Mesothelioma Treatment Options
One of the primary treatments for mesothelioma is chemotherapy. Cancer cells rapidly divide which increases tumor size; chemotherapy drugs attack the cancer cells and disrupt its division process. A major problem with chemotherapy is that along with cancer cells it also targets rapidly dividing healthy cells. Chemotherapy treatment plans vary from patient to patient depending upon whether the patient has pleural or peritoneal mesothelioma, the stage of the disease and various other factors. Normally, chemotherapy drugs are given in combination but if a patient can’t handle the combination then single drugs are used.
There are different methods of administering chemotherapy drugs. These methods include:
Systemic: In this method, the drug is given intravenously or orally so that it circulates in the system. It’s an effective method but also involves fairly severe side effects.
Intrapleural or Intraperitoneal: This method is used to directly target the tumors by administering the drug through a tube directly to the site of tumors. In this method, most of the drug stays at the site and little amount enters the blood stream.
Chemotherapy is a bitter pill to swallow because of the side effects. The most common side effects of chemotherapy include hair loss, nausea and vomiting, a weakened immune system, low platelet count, aches and pains, anemia, loss of appetite, fatigue, low grade fever, upset stomach, etc.
Various types of drugs are used to treat mesothelioma; there are four main categories of these drugs including chemotherapy, photodynamic therapy, immunotherapy, and anti-angiogenesis.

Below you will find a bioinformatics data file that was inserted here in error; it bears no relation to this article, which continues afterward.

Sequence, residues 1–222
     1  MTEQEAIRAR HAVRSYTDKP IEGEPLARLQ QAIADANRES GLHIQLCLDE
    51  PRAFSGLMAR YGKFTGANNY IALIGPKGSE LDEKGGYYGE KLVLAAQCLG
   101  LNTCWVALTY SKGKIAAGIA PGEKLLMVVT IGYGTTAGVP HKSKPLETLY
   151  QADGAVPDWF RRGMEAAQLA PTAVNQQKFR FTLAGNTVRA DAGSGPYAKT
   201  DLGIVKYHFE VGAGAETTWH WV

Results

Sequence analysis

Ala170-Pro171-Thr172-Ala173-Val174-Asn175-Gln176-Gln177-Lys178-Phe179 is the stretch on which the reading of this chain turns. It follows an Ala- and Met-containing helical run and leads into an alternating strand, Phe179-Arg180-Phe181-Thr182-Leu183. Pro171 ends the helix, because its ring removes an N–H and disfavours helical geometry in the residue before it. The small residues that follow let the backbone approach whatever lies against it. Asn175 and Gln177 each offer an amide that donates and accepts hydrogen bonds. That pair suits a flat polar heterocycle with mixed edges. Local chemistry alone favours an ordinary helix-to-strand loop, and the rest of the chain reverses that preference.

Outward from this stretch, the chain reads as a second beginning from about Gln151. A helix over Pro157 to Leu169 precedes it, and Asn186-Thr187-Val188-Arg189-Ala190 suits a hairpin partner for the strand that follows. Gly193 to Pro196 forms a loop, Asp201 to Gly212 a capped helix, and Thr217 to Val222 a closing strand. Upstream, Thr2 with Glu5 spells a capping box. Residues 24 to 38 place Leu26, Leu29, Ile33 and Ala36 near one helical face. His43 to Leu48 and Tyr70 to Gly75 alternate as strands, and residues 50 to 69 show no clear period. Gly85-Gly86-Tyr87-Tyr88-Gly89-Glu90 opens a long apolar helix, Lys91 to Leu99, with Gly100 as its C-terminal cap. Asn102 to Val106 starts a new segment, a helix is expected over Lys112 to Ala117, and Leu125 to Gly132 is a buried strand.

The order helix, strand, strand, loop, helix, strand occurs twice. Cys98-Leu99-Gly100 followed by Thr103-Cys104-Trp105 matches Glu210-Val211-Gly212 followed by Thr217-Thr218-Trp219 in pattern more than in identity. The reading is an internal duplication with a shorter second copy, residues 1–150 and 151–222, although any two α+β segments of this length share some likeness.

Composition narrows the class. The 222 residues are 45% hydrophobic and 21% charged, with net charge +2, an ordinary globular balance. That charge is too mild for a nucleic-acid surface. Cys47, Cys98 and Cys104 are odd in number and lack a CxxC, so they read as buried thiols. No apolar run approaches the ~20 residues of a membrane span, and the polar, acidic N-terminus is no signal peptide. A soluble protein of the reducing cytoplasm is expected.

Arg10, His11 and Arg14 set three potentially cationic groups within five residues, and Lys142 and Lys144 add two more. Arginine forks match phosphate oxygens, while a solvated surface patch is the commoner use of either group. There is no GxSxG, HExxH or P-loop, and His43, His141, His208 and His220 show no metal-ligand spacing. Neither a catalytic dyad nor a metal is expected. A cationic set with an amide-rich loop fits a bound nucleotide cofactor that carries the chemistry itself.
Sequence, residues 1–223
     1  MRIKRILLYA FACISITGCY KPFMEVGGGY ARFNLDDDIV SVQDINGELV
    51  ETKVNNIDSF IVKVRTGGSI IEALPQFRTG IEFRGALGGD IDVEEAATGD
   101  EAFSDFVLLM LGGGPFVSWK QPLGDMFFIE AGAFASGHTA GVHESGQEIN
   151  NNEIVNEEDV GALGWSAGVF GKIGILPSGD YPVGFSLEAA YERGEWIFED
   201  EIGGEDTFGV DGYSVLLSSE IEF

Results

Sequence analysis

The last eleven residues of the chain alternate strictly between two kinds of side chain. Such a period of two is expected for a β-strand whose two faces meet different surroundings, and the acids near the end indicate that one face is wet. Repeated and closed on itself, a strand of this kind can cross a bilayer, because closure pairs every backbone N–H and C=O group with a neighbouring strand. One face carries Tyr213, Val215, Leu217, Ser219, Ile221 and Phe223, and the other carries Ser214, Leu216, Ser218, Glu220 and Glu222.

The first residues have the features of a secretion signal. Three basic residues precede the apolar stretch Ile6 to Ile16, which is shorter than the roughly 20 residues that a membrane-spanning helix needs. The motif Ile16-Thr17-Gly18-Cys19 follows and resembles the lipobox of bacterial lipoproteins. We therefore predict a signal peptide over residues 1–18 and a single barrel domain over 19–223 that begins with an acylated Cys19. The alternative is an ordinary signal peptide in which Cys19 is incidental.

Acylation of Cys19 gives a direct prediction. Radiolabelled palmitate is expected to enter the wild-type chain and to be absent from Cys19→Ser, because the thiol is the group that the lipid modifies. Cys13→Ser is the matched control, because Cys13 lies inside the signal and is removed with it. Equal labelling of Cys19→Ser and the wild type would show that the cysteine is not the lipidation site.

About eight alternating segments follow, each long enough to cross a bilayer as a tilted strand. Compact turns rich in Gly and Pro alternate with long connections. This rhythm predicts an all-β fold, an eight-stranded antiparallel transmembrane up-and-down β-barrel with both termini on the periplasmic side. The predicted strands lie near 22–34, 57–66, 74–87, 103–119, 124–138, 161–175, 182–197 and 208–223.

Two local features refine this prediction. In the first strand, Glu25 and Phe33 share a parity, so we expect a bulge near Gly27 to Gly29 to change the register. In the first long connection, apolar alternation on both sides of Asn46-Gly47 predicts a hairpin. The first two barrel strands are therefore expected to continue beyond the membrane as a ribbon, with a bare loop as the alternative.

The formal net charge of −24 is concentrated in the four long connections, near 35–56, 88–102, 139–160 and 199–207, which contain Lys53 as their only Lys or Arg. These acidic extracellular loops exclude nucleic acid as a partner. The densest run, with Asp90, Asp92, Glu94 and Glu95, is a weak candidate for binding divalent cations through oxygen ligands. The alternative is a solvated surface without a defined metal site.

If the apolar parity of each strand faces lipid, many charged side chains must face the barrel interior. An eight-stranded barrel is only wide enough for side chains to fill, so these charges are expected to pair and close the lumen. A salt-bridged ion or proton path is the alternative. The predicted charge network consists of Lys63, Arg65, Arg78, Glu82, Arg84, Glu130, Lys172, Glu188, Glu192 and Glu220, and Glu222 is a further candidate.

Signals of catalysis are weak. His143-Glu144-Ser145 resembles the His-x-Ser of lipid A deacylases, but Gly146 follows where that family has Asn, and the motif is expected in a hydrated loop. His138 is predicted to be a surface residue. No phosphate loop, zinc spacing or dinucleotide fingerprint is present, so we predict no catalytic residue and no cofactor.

Photodynamic therapy is used to kill cancer cells by first making them vulnerable and then destroying them. Immunotherapy is used to strengthen the immune system so that it can fight cancer cells. Anti-angiogenesis drugs are used to prevent new blood vessels from forming, which impedes blood supply to cancer cells and kills them.
Experimental Drug Combination
One of the most common chemotherapy combinations for mesothelioma is gemcitabine combined with cisplatin. In an effort to improve the efficacy of this combination, a team of researchers from 11 top US cancer centers, headed by mesothelioma specialist Hedy L. Kindler, M.D., conducted a study. The researchers added bevacizumab to the combination (gemcitabine + cisplatin).
In this study, 115 patients participated at 11 locations across America. Patients were given 1250 mg of gemcitabine, 75 mg of cisplatin and 15 mg of bevacizumab. The treatment consisted of six cycles in which, gemcitabine was given on days 1, 8 and 21; cisplatin was given every 21 days and bevacizumab or a placebo was give every 21 days. After the completion of six cycles, bevacizumab was administered every 21 days until cancer started progressing.
Unfortunately, the results showed that this combination was not successful in treating mesothelioma.
Signs of Hope
Although this treatment didn’t work out as expected, there are other promising therapies. For example a leading mesothelioma expert Raffit Hassan shared that when used in correct combinations, drugs like SS1 may extend a patient’s life for several months. Another study conducted by Professor Des Richardson of the Sydney Medical School, shows that there other anti-cancer drugs that may improve the outcome for mesothelioma patients.